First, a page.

“That rule has been in place with our bank for several months now,” said a Western mortgage associate with one of Canada’s largest players, speaking on condition of anonymity. “But there are factors that also help such as the individual equity the borrower has in each of the properties and the relationship that they have with their bank, so it’s not impossible to get financing on a fifth property.”
Investors from one end of the country to the next have railed against a four door rule essentially forcing lenders to turn down mortgage applicants with financing on four other existing properties. The move, largely brought into force over the last year, has limited residential acquisition for many industry players while encouraging many others to seek out financing from alternative lenders and vendors.
Still others are turning to joint-venture agreements as a way around the rule, while many are becoming incorporated entities and taking their loan applications to the commercial division of a bank. The move comes with higher costs, complain investors.
But those different options haven’t curbed investor ire over the four door rule and the Bankers Association.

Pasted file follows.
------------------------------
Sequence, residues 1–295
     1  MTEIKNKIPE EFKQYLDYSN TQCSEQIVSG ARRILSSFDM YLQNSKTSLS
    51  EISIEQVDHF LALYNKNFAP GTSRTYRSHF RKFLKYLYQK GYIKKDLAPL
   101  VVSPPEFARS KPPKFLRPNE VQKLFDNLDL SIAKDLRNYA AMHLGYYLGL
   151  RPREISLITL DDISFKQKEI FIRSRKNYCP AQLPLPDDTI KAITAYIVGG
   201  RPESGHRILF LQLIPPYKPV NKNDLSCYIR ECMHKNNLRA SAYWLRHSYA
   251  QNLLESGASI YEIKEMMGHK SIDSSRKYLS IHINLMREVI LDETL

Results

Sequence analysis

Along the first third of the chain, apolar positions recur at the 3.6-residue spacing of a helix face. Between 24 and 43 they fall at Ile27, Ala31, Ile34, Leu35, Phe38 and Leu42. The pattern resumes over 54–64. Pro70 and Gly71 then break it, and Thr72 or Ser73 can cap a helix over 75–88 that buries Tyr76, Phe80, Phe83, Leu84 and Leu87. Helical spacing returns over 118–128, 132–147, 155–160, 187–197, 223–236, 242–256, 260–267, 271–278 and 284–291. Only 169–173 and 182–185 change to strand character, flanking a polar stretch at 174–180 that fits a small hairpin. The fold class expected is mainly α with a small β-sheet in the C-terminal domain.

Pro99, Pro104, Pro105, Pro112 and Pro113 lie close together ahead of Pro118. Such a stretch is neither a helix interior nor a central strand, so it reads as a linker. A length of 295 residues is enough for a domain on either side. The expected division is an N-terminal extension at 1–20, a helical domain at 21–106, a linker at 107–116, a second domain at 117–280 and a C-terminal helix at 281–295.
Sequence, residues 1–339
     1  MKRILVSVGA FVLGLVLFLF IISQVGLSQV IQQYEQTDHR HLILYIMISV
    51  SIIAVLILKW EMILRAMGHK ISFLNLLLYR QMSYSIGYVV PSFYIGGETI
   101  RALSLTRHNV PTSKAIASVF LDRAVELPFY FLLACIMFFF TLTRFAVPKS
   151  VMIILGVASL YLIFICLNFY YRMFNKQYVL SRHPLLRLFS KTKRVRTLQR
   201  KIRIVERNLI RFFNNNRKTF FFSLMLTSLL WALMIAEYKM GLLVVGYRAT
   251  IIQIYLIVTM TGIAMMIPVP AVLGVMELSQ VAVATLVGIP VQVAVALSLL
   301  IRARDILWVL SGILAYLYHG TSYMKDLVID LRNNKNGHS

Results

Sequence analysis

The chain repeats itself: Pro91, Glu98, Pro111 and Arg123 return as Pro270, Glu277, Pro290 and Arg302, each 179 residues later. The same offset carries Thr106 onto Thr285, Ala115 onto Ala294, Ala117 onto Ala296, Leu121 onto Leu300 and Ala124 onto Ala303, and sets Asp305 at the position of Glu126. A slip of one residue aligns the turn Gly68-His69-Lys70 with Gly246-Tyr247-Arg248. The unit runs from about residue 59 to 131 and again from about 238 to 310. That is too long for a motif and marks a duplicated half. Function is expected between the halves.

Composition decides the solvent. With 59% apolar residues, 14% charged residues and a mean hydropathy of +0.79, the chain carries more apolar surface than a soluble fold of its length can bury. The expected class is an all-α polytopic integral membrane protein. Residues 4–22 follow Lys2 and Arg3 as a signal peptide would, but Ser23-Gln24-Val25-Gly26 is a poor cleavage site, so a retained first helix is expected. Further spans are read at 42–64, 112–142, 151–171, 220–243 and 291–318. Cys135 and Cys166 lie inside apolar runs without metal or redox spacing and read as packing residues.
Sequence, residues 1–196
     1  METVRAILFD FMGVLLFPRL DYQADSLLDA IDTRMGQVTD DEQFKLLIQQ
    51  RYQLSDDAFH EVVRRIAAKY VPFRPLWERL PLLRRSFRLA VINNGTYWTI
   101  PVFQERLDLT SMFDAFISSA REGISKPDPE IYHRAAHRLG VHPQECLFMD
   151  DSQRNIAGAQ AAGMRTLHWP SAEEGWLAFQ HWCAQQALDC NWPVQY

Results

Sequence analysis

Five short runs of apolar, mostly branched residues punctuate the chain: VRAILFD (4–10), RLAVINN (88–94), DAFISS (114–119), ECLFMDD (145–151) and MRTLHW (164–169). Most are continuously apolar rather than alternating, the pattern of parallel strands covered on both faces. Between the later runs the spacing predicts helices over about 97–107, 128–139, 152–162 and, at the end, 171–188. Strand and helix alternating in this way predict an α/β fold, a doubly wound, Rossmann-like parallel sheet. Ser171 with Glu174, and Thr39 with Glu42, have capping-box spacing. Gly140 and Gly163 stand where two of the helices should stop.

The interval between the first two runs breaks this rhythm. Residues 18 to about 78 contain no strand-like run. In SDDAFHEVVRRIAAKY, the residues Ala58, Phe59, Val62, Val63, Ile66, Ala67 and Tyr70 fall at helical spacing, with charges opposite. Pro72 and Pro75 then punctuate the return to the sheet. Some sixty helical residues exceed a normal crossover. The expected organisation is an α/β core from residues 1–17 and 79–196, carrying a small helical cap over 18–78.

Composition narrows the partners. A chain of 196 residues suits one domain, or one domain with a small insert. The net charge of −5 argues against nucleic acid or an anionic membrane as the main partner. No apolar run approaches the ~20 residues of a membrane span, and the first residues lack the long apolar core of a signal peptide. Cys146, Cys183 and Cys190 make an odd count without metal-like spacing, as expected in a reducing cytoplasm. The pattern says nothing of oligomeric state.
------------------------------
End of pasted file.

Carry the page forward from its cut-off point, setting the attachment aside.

“The only ‘rule’ banks and lenders should focus on is the quality of the security and client,” says Miles Godlonton, an investor and real estate broker. “I’ve been investing for 25 years and I have excellent relationships, but that hasn’t allowed me to get a loan with one of the major lenders. I don’t buy that they’re willing to bend the rules.”
He and others argue the mom-and-pop investor is most affected by the policy, with retirement income put in jeopardy.
“Forcing investors to buy through professional corporations submits us to more onerous steps to go through,” says Godlonton. “It forces us to pay higher rates both in interest rates and service charges, feeding the bank’s bottom line.”
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